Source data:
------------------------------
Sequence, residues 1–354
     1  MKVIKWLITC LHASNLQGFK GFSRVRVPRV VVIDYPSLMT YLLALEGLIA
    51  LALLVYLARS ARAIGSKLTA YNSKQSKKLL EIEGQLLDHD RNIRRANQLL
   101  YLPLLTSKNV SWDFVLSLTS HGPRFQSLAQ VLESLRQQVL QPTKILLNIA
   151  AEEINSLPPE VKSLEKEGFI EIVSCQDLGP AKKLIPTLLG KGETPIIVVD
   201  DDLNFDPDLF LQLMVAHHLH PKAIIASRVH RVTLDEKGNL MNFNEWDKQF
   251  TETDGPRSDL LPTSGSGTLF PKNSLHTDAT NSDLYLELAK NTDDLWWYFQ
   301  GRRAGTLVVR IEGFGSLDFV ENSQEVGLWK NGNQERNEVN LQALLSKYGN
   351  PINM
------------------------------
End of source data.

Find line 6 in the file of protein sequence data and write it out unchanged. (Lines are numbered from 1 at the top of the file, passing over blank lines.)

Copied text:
   201  DDLNFDPDLF LQLMVAHHLH PKAIIASRVH RVTLDEKGNL MNFNEWDKQF